How startups are accelerating the UK's position as a cyber-security leader
How startups are accelerating the UK's position as a cyber-security leader
For decades the cyber-security sector has been dominated by a handful of big-names - the players with all-pervasive advertising, with vast corporate sponsorships, the ones whose spokespeople rock up on the BBC whenever there's a big security breach story. Imperious though these firms may be in profile, market share and sales, is there evidence to suggest they've really been winning the cyber-battle or leading the way in cyber-innovation?

Technology, cyber-threats and business environments are all evolving rapidly. Large cyber-security businesses were once startups too, with solid bright ideas and the ability to execute at speed. But the success of these behemoths came at a price. Investors who once bought into a bold vision have become risk-averse shareholders, happy with steady growth. Entrepreneurial spirit has morphed into corporate bureaucracy, diminishing the burning candle of innovation in the process.

So where should we turn for inspiration? Everything outlined above points to a market that is ripe for disruption. Enter fresh-thinking startups. Startups tend to crop up with a laser focus on practical solutions to problems - they see their niche and move in quickly and efficiently, at a lower cost than larger players. Research, innovation and a forward-thinking outlook are built into their core. Products and services are developed with interoperability in mind because they need to break into existing markets at speed and cannot afford to be proprietary. Furthermore, startups are created around incentive structures - owner-driven or investor-led - that reward calculated risk and prioritise speed of go-to-market. 

So why on earth didn't we turn to startups to fix our cyber-insecurity years ago? While the major players in the industry will argue that startups are more likely to deliver a piecemeal approach to security, compared to the one-stop-shops they offer, it's eminently clear that today's startups are building products and services with greater openness and capacity for high-speed collaboration. 

Piecemeal is not inevitable; in fact the market leaders might plug a few holes in their armoury if they were more open to collaboration with the wider marketplace. Yes, a layered approach to cyber-security is more complex to procure and manage. However, it's ultimately the only way to reduce cyber-risks, protect end users, and improve business posture against cyber threats.

As the startup scene continues to proliferate (last year a record 660,000 companies were established on UK soil), the opportunities for raising cyber-security standards are clear. But succeeding as a startup is by no means easy. Support from UK government and industry such as through accelerators, can literally be the difference between survival and failing to make it, especially when the nature of today's cyber-threats demands the government take a more active role than ever.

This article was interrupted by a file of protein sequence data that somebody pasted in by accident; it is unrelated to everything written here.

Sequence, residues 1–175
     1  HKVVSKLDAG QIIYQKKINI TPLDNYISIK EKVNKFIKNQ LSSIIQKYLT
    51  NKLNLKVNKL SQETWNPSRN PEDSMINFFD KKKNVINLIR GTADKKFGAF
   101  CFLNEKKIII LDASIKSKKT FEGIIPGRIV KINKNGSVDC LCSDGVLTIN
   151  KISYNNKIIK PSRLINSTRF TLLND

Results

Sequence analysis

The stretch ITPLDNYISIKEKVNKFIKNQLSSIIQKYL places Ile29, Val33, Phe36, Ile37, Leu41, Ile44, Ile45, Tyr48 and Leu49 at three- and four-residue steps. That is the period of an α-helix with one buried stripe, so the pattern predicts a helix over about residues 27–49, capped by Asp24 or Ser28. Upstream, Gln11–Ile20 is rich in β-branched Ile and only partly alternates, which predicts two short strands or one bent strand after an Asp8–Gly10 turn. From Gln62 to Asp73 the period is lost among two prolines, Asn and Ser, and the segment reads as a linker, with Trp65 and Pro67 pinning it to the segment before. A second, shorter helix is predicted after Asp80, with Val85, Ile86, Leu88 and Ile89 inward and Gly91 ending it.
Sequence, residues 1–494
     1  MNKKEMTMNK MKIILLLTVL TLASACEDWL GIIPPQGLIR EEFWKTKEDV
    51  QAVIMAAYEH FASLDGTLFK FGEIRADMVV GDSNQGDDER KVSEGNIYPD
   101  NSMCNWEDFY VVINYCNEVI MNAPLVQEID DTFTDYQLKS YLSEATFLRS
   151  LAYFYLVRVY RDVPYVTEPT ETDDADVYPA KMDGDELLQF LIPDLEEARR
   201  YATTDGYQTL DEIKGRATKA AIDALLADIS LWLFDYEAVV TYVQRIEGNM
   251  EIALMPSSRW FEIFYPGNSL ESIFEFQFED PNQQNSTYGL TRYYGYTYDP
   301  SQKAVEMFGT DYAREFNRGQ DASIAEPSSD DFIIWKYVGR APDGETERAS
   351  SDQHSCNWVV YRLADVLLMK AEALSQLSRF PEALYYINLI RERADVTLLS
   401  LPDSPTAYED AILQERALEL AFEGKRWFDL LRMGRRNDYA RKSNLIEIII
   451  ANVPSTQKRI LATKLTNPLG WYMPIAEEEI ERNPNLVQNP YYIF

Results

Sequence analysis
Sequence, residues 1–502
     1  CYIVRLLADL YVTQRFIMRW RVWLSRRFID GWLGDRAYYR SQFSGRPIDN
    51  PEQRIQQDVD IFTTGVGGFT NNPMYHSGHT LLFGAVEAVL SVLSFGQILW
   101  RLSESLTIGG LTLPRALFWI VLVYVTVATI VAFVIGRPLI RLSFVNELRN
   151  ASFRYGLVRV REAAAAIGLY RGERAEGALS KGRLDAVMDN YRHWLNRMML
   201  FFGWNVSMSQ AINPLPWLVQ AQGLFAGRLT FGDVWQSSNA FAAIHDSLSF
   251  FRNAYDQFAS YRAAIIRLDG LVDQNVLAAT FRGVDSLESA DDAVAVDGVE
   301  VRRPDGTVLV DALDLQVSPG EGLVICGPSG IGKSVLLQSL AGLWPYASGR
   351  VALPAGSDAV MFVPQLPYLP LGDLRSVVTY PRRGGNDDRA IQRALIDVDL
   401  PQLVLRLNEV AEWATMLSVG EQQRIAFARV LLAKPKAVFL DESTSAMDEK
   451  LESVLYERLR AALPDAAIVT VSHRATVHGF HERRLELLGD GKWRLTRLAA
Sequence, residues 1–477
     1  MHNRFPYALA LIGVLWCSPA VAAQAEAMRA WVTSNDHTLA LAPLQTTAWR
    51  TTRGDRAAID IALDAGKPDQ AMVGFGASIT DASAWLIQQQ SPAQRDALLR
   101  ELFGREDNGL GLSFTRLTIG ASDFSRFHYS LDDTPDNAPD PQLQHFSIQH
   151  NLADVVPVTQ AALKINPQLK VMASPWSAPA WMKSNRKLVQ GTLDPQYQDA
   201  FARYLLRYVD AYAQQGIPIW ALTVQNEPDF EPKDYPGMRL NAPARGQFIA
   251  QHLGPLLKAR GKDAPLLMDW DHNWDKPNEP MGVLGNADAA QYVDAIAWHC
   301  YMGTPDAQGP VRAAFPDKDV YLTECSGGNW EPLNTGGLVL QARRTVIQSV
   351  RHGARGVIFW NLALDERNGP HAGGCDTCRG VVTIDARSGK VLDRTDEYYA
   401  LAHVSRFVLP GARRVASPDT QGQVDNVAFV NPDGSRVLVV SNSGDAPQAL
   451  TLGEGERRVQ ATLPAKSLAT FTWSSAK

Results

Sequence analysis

Whether it's education and mentoring, branding and business development, or investor contacts and funding, the UK has taken great strides when it comes to nurturing its startup ecosystem. Take for example public.io, an accelerator championing startups at the intersection of tech, finance and the public sector, and Wayra UK's partnership with the GCHQ Cyber Accelerator, as well as grants awarded to cyber-security startups through the the government's Early Stage Accelerator Programme.

Alongside this, we're seeing the Government develop broader financial and infrastructural investment strategies such as the new £13.5M cyber innovation centre in London, the growth in the Cyber Security Export Strategy, and GCHQ's Manchester site recently announced at CyberUK. This is the necessary national investment in making the UK a hotbed for cyber-security innovation and the ongoing startup revolution.

But more must be done, specifically after the accelerator stage. The government must ensure they're promoting the investment ecosystem for the next stage of growth too, so that the very companies that have been nurtured and empowered at home aren't forced to move overseas to raise the money they need to make the most of those early opportunities. 

Startups and scale-ups are in the perfect position to disrupt the UK's cyber leadership and innovation, but government and industry commitment must accelerate if these startups are going to have the best chance of winning the cyber-battle when starting out of the blocks.

Contributed by Rahul Powar, CEO and co-founder, Red Sift.

*Note: The views expressed in this blog are those of the author and do not necessarily reflect the views of SC Media UK or Haymarket Media.